Photo/Illutration Yoko Kamikawa, who chairs the LDP strategy headquarters, explains a bill to protect people who star in pornographic movies and adult entertainment videos at a Lower House committee meeting on May 25. (Koichi Ueda)

Financial struggles forced one woman to star in more than 10 pornographic films for the first time when she was in her 40s.

She also wanted to “overcome the trauma” as a victim of multiple sexual assaults, she said.

The woman received 1 million yen ($7,400) per film and felt like she was a star on the set, she said. The money, however, did not give her what she had wanted. 

A bill to make it easier for people who star in pornographic films and other “adult entertainment” movies to terminate their contracts and protect their privacy and health passed the Diet on June 15 with the approval at an Upper House plenary session.

Under the new law, people can terminate their contracts without any conditions for one year from the date a movie is made public, regardless of their age and gender.

They also can halt sales and distribution of a film.

The woman who once starred in more than 10 adult films said the new law “lacks details or specifics,” however. 

“The central and local governments’ ‘safety net’ has not reached people who end up entering the adult video and other sex-related businesses, as well as prostitution,” she said.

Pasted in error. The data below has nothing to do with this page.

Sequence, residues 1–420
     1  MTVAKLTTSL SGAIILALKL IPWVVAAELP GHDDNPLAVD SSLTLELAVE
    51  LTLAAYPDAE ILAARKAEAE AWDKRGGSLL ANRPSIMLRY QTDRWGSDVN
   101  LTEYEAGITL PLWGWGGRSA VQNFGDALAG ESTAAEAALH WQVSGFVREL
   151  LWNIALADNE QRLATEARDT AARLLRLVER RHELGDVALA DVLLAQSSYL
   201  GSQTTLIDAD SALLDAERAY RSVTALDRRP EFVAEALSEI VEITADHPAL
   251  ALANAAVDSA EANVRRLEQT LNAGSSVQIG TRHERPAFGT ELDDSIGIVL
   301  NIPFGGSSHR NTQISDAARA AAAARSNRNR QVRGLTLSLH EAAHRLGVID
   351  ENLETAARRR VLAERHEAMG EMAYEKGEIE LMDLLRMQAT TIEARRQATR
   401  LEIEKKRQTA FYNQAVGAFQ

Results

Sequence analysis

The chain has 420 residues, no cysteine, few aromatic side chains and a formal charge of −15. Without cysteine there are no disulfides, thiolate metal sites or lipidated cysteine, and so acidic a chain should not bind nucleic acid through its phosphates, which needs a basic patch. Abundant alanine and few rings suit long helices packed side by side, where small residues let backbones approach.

There have been cases in which people are forced to sign a contract to star in such a movie.

Some people choose to do it because of poverty or sex crimes. The woman said she saw other women choose to star in such films because of financial difficulties.

She said she has never seen her films, nor has she told her husband about her secret past.

The private lives of such people can be negatively affected after the movie is put on the market and the people around them learn of its existence.

The new law, therefore, allows people to cancel a contract with no conditions for one year after the date a film is released, even if the contract has no problems.

As a special transitional measure, for two years after the law goes into effect, people affected will be allowed to do so for two years after the date a film is released.

People who create and distribute such videos will be required to prepare a contract document that clearly states the sexual activities to be filmed and mentions any possibility that an individual will likely be identified by starring in the film. They must then hand it to the cast member.

There has been debate over the pros and cons of performing sexual acts in exchange for money, triggered by the discussion of the bill.

The Upper House decided the issue will be discussed within the next two years.

The new law has two additional resolutions made by both the Upper and Lower houses.

The resolutions point out a need to establish an environment where people negatively affected by starring in such movies can seek guidance. 

The new law also states the central and local governments will provide necessary support to solve the root problems, such as poverty and sexual violence, which force some people to appear in such films.

It remains unclear how the new law can save them, however.

The woman doubts if the law will be effective in solving various social problems such women face.

The law “doesn’t have concrete measures that address how to change reality,” she said.